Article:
JACKSON Even as complaints mount about large and incorrect water bills in Jackson, the City Council approved a contract of more than $300,000 to continue use of the Oracle software that supports the troublesome system.
"My concern is whether or not if we enter into this contract, if it will help people get their right bills," Ward 3 Councilman Kenneth Stokes told the body before the Nov. 3 vote on the issue.
Interim Public Works Director Jerriot Smash said the contract renewal only allows the City to continue using the system.
"It allows us to get software patches from Oracle and to continue using their software," Smash said.
But the mayor jumped in, adding that Stokes wanted to know if the contract would fix the billing problems. "This is not that," Mayor Tony Yarber said.
However, citizens continue receiving outrageous bills, or in the case of Mississippi College Law Student Trey Spillman, work directly with the billing department.
Spillman replied to a JFP tweet that the council was ratifying the contract with a simple message: What about his incorrect $1,000 water bill? A few days later, on Nov. 3, told the Jackson Free Press that he had been down a long road with the water department since last November and a year later was just making some headway.
"I moved to a house on the same street," Spillman said, adding that he never received his deposit back. "That's gone."
He received a bill in the summer for the two addresses and still has to work with the department to figure out what he owes, he said. As of November, he continues to make trips to the water department, trying to resolve his $1,000 bill.
The Oracle Contract
The city council unanimously approved the water-billing contract in the amount of $346,608.79 for DLT Solutions, Inc., out of Herndon, Va. The other two companies, PCMG from Chantily, Va., and Mythics from Virginia Beach, Va., were close bids, with PCMG only a little less than $2,000 dollars from DLT's price.
The contract extends the software licensing and maintenance on the software structure, based on Oracle technology, that runs the City's customer care and billing system, one of the foundational parts of its almost $90-million contract with Siemens.
However, since the implementation of the Siemens-contract system late last year, Jackson water customers have had experiences ranging from never receiving a bill at all to receiving belated, or incorrect, bills in the four-digit range.
All these difficulties ate away at the City's largest enterprise revenue fund in the budget, the water/sewer revenue. City and Siemens officials have explained in the past that the interaction of the new and old systems are to blame, with Siemens providing extra staff and footing the bill for supplementary overtime for City of Jackson employees to work on the billing problems.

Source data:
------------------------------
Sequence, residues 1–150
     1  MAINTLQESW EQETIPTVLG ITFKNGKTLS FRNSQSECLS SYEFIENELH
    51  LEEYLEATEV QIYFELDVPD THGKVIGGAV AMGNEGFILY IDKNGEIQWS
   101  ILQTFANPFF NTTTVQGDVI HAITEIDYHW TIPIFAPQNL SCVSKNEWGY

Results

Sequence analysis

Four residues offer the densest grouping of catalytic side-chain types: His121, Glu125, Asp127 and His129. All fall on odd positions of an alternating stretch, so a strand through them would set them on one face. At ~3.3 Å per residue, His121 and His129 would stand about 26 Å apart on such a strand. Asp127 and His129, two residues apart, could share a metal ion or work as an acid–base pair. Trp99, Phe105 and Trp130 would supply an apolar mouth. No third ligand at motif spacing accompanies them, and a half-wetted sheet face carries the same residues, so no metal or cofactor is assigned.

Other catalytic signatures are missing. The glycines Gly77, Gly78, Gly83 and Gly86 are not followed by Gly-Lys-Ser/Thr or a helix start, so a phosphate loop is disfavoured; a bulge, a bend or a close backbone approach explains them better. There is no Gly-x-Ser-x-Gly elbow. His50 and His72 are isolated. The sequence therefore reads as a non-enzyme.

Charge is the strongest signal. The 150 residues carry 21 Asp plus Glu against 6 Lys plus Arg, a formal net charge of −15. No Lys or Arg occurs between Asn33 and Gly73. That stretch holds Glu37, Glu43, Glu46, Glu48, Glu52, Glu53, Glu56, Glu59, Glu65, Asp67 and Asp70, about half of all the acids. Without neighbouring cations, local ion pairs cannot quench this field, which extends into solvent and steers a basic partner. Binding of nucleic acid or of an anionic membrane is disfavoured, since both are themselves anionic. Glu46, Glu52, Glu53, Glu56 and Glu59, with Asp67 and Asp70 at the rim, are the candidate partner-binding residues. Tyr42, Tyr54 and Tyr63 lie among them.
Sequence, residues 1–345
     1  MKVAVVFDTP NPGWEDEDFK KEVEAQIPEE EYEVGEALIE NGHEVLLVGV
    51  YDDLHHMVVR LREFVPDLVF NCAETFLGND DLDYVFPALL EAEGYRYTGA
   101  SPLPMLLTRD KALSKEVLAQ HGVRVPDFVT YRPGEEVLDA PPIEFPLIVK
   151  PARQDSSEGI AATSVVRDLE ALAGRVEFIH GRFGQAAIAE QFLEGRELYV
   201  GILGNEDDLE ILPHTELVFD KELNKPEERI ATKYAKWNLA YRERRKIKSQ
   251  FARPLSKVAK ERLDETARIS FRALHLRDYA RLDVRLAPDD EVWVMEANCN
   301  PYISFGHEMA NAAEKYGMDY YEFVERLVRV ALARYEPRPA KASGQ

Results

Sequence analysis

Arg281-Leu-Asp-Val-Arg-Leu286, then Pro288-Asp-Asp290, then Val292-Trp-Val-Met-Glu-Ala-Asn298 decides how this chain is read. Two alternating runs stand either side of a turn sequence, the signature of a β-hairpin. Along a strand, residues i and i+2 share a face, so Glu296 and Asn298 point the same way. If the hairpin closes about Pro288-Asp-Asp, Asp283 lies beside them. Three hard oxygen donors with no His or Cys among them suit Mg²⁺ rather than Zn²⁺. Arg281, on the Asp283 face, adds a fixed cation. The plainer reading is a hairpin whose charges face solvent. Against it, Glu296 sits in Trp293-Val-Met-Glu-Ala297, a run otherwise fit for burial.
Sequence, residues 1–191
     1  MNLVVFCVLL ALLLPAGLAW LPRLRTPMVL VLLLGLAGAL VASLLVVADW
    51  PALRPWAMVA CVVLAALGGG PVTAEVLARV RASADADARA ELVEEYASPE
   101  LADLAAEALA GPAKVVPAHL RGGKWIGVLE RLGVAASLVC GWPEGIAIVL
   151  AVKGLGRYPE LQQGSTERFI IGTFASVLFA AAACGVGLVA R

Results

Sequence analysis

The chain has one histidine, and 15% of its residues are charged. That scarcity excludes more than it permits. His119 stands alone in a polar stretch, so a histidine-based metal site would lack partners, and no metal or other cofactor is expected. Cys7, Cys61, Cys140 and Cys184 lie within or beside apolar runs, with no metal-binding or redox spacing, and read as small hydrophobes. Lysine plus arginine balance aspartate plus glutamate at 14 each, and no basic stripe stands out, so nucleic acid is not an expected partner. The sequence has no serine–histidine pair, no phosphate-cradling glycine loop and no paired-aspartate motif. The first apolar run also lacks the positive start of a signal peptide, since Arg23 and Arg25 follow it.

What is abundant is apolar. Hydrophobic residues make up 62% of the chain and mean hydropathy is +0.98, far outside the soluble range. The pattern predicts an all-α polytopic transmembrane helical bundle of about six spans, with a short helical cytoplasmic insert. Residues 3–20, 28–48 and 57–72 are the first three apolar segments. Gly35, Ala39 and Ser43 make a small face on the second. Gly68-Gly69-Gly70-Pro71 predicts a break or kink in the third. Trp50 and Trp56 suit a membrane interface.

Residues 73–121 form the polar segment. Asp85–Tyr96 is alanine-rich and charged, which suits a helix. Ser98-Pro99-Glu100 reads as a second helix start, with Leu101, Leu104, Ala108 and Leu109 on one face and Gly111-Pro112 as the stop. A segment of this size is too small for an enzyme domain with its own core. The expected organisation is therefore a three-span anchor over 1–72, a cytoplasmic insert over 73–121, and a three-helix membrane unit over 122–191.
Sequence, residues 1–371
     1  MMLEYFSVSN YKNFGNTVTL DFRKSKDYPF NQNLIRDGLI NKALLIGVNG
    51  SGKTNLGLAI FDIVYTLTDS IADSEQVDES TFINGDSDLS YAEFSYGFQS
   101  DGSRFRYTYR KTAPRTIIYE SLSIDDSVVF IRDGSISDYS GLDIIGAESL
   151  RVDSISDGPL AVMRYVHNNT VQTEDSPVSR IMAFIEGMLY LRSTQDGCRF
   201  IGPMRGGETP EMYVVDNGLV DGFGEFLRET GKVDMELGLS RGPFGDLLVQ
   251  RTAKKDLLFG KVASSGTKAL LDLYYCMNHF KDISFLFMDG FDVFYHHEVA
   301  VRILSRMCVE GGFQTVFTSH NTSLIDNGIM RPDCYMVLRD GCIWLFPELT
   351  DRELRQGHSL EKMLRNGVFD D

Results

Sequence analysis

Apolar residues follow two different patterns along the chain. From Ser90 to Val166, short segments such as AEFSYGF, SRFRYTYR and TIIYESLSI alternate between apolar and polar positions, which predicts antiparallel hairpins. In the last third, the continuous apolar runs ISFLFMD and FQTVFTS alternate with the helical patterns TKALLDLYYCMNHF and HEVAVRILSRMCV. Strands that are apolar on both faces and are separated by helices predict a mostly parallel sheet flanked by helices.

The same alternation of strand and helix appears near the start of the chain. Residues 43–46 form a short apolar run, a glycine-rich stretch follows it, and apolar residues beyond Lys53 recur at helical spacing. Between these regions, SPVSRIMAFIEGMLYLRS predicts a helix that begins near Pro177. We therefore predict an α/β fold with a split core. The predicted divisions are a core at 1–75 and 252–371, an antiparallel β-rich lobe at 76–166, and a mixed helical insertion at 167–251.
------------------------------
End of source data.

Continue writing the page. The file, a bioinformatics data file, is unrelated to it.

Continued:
"We can't say that this is going to fix the issue that we are having with billing," Yarber said in response to council questions about the billing problems, including from Ward 7 Councilwoman Margaret Barrett-Simon. If the City did not approve the contract, "what would the alternative have been?" Barrett-Simon asked.
Smash explained that the City could not continue to operate the billing program without the contract. "There is no alternative to it," he said.
The contract is also a sign of the change in use-of-technology agreements. Large-scale tech companies like Oracle charge for continued license use and updates for their software, instead of one-time buys like retail software. Companies like DLT handle the more hands-on aspects of the software maintenance.
Software, Contractor or Both?
The council has a financial meeting scheduled for Nov. 9, during which it will hear presentations from the Yarber administration on the water-billing situation, but it doesn't alleviate the uncertainty now for people like Spillman.
"They don't really know how much I owe," Spillman said.
Oracle's customer-care and billing software has come under fire before, although a different contractor was responsible for implementing it. In 2013, the City of Los Angeles hired a firm, PricewaterhouseCoopers, to implement a new billing system structured around the Oracle software.
After implementation, the Los Angeles Times reported in 2015, problems with the software cost that city a combined loss of $641 million of its normal revenue of $5.6 billion. The problems spawned class-action lawsuits from customers for overcharged bills and a legal battle between L.A. and contractor that continues to this day.
Jackson city administrators have repeatedly moved the conversation away from legal wrangling with Siemens over billing issues, and the council has also refused to approve or support any action or allegations of fraud or poor management by Siemens for the billing part of the $90-million contract.
"I would love to buy a house in Jackson," Spillman said, "but I don't want to deal with the city services, like if I am going to have to fight things like water and utilities," adding that the problems might push him to Madison or Pearl instead.
Email reporter Tim Summers at [email protected].